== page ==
4 Lessons from Google’s Material Design Documentation

August 8, 2015

9:00 am

Material Design, a visual language created by Google, was launched last year and was created to unify the interface of its products, especially its apps. When Google announced the concept of Material Design, it also released a complete set of documentation, allowing curious eyes to navigate through the the guidelines of this new visual trend.

The Google Material Design documentation is a wonderful reference on how to deal with interface design. The document developed by Google is great for new designers who want to learn how the visual aesthetics of a market leader are designed and implemented. And it is also a great guide for experienced designers to understand how Google thinks.

While there are several sources for Material Design tips online, this is a well structured document, which brings insights from Google’s designers as well.

The material design documentation includes a series of important lessons:

Using movement to construct meaningful relationships

Material Design puts a lot of emphasis on movement and animations in its design. The major reason for this is to allow the user to clearly see that his action impacts the interface. Google uses the example to add an image in an album – watching the example, we note that the overlay image brightens and darkens gradually (fade-in / fade-out).

This happens for two reasons: clarity and surprise. First, it establishes a visual hierarchy for the user, noticing which of the interfaces is overlapping another. Although this is not technically true, since interfaces do not work in layers, this allows the user a more simplified understanding of the interface use: that is clarity.

Typography is very important

The Material Design Visual Guide has an extensive section on typography. The obvious tip here is to pay attention to typography, in order to provide the best possible reading experience. This is a notion that makes the experience as a whole is better.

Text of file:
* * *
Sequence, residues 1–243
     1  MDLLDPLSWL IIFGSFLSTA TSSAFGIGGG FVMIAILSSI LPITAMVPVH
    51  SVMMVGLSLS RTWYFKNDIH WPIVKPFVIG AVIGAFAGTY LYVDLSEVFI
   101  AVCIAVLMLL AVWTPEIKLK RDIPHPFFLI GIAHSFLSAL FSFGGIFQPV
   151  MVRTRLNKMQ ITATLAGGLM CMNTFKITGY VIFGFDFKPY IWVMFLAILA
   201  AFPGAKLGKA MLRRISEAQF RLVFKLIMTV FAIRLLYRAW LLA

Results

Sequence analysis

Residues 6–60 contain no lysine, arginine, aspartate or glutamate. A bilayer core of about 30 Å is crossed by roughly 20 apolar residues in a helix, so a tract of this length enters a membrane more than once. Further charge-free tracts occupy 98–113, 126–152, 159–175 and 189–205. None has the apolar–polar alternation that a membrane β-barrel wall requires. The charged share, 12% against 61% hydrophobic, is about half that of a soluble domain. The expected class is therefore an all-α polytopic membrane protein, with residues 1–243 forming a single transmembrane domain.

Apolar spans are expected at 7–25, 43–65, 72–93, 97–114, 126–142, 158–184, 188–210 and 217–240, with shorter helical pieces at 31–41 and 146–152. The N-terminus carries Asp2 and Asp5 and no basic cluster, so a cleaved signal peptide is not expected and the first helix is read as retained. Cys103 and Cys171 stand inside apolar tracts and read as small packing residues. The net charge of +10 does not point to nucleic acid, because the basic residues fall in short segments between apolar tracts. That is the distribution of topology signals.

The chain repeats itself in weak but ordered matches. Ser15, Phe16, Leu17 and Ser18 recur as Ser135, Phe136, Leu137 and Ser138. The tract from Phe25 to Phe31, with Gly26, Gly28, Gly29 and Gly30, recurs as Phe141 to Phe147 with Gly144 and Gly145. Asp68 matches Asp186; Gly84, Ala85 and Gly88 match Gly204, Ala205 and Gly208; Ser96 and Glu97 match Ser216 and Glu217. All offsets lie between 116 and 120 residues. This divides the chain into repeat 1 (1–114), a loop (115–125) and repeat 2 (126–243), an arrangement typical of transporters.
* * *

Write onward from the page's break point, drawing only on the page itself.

Several designers focus on other interface details such as buttons, but few actually care about typography. This is an important caveat. In the typography section of the document, it is possible to see how much work has been done by Google design team to deliver the best possible reading experience.

Taking advantage of colors

One of the first things noticeable right away on Material Design is its bold and bright color scheme. If we take a look in the color section of the documentation, it is possible to notice a rich selection of nuances that can be adopted.


This is great for several reasons. First, the bet in strong colors was an amazing way to give personality to any Google interface. There is nothing too interfacing with a fantastic color scheme; and this is a nice change as well as when the iOS7 came out with its neutral color scheme and light gray scales. Additionally, Google not only established clear guidelines for the use of color, as well as reference how to apply them in the best way.

Everything is usability

One of the last sections of the Material Design guide seems to be, perhaps, the most important. The section of Usability and Accessibility mentions several issues on which designers need to reflect in the design of your applications or interfaces. This section serves as a reminder that its interface needs to, primarily, be accessible.

This section of the document sets restrictions on navigation specifications, readability and guidance, as well as comments to give us a clear idea about the care we must have with our applications. Some of the issues raised are obvious things, like make sure that the touch screen element has at least 48 × 48 pixels for a typical human finger can interact with the element, but some are more specific, like how to make sure that links have an appropriate and meaningful title.

To conclude, the Material Design documentation is an incredible source of advice and tips, and serves as a learning tool for new designers as well as anyone interested in learning more about interface design. It is also a great input for experienced designers who like to sneak peeks from the minds of designers working for a giant like Google.


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25 y/o, born and living in Portugal. Majored in Biology, but tech and computers were always a passion. Wrote for sites like Windows.Appstorm and MakeTechEasier.